No argument about the need for an "exit strategy" -- although it might be that we would be better served if we had a exit strategy for the 5,000 or so U.S. military personnel still on the ground in Bosnia. Remember Bosnia? The troops were deployed there in 1995, during the first Clinton Administration, and were only supposed to have been there for "a year or so." Here's what President Clinton said in his address to the nation about the U.S. intervention in Bosnia-Herzegovina:
First, the mission will be precisely defined, with clear, realistic goals that can be achieved in a definite period of time. Our troops will make sure each side withdraws its forces behind the front lines, and keeps them there. They will maintain the cease-fire to prevent the war from accidentally starting again. These effects, in turn, will help create a secure environment so that the people in Bosnia can return to their homes, vote in free elections and begin to rebuild their lives. Our Joint Chiefs of Staff have concluded that this mission should -- and will -- take about one year.Five years later, in December, 2000, the Pentagon announced a troop rotation schedule for the next five years -- in other words, until some time next year, in 2005. If it has been so difficult to withdraw from a relatively quiescent Bosnia, what does this mean for any attempts to withdraw from Iraq?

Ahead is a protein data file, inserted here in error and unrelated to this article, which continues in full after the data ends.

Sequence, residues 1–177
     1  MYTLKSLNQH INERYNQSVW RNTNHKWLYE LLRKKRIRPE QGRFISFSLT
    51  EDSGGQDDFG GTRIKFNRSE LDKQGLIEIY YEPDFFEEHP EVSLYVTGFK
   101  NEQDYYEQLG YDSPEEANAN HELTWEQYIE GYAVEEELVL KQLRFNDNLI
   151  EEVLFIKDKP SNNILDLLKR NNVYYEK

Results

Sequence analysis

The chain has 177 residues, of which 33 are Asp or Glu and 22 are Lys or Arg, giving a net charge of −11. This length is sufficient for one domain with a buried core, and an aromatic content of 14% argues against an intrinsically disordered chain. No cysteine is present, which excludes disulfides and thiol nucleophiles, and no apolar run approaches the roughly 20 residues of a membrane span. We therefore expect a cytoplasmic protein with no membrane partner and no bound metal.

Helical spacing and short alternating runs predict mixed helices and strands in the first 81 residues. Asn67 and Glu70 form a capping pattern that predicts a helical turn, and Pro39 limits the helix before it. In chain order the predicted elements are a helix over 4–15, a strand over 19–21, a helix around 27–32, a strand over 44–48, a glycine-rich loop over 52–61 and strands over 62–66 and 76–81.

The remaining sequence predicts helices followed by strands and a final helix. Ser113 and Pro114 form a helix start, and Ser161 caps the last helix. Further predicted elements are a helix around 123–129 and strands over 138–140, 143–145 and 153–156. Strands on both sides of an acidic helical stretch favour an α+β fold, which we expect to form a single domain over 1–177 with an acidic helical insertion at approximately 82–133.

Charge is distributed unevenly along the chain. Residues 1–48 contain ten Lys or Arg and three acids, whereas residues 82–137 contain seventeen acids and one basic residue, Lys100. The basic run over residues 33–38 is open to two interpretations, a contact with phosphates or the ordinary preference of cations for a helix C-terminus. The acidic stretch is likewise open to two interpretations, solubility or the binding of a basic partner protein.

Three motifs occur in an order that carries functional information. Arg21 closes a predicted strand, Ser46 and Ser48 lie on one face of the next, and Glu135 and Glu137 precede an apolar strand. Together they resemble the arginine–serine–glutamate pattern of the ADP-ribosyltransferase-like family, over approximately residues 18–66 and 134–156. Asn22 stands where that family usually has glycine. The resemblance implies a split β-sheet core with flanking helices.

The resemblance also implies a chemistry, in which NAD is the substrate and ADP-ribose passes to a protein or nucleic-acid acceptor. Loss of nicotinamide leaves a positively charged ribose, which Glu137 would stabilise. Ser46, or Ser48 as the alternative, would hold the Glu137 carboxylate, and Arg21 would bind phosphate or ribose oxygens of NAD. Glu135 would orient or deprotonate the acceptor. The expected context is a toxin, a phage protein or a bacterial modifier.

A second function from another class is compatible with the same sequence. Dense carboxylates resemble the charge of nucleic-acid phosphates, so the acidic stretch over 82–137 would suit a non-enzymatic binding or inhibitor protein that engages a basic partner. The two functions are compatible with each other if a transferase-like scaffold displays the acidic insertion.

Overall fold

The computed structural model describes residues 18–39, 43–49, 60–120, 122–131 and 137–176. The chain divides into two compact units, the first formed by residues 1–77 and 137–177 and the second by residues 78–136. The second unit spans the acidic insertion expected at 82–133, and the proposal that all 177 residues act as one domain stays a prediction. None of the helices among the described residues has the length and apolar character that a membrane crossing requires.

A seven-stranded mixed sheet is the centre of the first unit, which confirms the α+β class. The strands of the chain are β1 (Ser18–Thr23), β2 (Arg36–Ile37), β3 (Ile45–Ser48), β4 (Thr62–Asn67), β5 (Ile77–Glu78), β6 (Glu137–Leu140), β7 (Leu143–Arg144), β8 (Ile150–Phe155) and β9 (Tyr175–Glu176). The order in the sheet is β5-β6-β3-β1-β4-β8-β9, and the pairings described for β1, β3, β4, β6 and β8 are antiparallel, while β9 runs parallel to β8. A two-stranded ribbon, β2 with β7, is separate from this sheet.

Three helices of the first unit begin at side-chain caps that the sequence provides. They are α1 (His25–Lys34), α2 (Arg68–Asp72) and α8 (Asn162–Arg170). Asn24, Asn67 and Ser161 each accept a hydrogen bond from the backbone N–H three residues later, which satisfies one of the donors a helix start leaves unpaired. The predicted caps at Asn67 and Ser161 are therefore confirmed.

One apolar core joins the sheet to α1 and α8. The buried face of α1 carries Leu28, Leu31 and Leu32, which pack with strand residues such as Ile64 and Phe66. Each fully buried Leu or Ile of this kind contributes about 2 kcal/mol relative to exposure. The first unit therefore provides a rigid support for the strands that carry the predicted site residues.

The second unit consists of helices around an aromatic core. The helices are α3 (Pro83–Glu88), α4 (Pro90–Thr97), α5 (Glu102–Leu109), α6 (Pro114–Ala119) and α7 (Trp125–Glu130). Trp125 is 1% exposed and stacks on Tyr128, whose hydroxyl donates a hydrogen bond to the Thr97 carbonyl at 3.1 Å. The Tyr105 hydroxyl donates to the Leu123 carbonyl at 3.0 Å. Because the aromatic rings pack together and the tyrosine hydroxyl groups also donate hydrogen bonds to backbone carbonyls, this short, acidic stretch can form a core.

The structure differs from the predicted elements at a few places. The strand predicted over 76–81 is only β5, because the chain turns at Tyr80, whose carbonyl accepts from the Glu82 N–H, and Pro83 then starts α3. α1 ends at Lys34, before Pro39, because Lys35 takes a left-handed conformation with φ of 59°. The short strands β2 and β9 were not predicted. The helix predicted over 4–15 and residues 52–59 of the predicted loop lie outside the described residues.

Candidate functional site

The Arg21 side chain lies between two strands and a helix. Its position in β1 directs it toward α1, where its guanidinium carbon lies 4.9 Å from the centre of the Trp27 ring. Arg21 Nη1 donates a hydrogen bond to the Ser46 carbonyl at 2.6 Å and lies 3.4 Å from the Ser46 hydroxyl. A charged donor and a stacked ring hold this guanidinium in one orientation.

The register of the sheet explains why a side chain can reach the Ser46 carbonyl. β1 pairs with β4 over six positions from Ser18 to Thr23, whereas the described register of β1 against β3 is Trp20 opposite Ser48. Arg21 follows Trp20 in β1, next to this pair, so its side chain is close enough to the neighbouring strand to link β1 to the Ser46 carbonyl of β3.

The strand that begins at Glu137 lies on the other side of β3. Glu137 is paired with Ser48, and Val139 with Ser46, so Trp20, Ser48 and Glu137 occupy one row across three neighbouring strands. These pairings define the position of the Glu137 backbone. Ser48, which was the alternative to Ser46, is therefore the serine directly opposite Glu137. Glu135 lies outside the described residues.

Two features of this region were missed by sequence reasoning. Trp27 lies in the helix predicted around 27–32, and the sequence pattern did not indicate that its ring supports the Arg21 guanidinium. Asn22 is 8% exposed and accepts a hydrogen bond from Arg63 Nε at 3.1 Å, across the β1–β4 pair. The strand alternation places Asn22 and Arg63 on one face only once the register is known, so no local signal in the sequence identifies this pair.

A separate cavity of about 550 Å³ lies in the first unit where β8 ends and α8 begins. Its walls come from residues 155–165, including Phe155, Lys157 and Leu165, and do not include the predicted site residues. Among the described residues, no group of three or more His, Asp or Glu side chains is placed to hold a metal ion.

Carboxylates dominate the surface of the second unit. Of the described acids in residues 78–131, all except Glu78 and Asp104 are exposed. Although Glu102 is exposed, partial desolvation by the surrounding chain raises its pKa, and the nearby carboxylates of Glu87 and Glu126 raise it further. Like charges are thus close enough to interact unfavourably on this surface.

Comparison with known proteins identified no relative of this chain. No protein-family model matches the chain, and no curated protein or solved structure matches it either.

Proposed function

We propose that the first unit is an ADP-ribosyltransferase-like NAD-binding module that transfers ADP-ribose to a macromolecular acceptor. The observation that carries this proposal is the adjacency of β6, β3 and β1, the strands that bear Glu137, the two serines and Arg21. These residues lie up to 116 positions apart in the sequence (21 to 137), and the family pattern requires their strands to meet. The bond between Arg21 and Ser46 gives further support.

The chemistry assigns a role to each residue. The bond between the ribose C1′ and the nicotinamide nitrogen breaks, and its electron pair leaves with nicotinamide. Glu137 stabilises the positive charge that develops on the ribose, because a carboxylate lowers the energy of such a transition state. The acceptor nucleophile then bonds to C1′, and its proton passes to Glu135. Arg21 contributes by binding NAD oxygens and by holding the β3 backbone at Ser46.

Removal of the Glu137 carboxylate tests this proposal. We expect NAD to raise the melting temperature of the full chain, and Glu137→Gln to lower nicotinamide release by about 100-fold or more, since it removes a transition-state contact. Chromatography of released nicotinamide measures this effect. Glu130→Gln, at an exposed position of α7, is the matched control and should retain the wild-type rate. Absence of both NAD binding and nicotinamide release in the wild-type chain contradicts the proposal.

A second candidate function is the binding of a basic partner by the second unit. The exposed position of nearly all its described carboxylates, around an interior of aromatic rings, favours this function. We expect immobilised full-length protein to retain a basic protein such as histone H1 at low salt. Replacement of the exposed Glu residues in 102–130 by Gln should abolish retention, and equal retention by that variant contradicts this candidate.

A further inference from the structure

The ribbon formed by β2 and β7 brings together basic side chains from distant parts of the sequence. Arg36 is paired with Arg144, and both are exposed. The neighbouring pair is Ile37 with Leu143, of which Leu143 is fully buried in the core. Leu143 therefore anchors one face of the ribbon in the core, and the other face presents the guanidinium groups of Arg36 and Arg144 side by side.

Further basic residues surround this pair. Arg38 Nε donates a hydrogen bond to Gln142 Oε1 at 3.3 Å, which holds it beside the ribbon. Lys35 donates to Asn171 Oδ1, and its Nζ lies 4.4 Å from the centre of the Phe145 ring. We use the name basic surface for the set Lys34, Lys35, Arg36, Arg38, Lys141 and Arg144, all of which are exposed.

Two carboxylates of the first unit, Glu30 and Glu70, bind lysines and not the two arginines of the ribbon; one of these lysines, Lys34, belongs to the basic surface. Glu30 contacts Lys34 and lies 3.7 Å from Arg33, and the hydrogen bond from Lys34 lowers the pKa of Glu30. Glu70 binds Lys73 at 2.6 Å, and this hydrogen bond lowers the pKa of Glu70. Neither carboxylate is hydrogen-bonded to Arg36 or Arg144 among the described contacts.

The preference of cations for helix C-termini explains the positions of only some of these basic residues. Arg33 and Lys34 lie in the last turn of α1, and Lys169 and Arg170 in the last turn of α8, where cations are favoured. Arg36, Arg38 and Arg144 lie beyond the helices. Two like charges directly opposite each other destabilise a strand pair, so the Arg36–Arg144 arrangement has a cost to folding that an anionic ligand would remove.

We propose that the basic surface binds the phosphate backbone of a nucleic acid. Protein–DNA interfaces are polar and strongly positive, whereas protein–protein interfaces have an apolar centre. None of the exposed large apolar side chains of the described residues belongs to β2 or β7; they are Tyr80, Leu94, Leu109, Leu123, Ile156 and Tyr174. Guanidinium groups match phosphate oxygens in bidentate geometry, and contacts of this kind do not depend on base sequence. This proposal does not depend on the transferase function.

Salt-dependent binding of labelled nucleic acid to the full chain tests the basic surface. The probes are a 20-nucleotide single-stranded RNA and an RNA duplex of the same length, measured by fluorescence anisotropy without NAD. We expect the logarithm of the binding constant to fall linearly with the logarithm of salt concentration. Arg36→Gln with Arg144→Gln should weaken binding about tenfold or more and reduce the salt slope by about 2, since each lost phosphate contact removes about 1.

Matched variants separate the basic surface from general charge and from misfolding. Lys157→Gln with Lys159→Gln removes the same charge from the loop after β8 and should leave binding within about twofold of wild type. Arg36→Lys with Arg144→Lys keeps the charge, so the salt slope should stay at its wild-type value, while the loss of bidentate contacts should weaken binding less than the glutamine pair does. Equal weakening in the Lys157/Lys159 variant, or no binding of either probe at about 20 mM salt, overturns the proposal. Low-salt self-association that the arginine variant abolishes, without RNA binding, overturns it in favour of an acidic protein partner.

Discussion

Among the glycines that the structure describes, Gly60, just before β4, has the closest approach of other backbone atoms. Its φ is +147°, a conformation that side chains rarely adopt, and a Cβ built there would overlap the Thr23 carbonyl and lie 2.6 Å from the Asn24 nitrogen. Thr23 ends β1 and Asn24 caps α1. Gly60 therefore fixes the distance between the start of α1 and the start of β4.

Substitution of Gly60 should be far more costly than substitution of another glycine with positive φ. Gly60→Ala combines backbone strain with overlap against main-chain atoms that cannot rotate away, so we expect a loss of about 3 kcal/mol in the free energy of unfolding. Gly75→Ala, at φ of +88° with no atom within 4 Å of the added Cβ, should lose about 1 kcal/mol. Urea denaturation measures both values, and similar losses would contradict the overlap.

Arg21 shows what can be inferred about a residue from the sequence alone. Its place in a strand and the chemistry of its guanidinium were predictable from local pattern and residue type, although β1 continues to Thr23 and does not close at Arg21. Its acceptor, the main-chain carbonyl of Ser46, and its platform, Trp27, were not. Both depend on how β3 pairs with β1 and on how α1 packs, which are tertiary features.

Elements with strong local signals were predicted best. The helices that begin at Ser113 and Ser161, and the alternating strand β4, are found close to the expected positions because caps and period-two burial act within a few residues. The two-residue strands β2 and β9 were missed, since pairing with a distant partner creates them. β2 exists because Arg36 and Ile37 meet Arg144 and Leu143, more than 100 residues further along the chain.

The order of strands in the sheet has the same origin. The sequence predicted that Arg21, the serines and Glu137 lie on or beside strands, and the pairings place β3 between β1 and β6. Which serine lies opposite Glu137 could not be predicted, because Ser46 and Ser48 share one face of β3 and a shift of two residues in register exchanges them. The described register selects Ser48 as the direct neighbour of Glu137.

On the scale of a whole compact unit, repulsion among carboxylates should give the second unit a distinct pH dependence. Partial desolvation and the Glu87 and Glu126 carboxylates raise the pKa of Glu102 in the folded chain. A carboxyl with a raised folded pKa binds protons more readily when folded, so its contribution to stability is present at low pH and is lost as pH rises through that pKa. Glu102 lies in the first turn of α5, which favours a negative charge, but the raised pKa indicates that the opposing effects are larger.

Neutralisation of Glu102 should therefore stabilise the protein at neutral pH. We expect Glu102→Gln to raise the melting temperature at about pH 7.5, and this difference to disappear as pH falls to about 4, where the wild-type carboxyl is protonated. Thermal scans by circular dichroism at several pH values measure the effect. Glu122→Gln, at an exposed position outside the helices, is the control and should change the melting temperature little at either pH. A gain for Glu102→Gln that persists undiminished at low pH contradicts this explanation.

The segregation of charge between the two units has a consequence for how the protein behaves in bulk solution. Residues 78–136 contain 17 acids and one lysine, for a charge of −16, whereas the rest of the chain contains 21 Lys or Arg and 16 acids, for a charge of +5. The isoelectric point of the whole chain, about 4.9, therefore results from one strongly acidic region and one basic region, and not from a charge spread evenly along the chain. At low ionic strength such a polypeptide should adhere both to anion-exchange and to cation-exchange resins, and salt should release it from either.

But I'm wandering from the point of the citation from Mr. Reza's quasi-blog. His question about what we would do if our churches and cathedrals were targets brings two thoughts to mind. The first is that, when we bombed Serbia (again, during the Clinton Administration), churches and cathedrals were bombed -- we dropped bombs on the Orthodox Christians of Serbia on Pascha (Easter Sunday, for those in the West). The second is that, if Christians use their places of worship as armories and fortresses, launching attacks from a church or a cathedral, and harboring the attackers upon their retreat to such places, we should not be surprised if these houses of prayer become targets. I don't think for a minute that there is any great plot to destroy mosques as such; but when a mosque is used for purposes of insurgency, it loses its status as a place of worship worthy of protection, and becomes a legitimate target.
I also note that a school in Albany, New York, is being sued because a seven-year old girl was injured during a game of dodgeball. As a result, the school has banned the game, as have schools in Maine, Maryland, Massachusetts, New York, Texas, Utah, and Virginia. I'm not surprised, mind you. But it does make me wonder how we managed to survive our days in school, lo, these many years ago, without the army of lawyers and the agents of government there to make sure that no one got hurt; or, if they did, they received payments for the pain and suffering and trauma...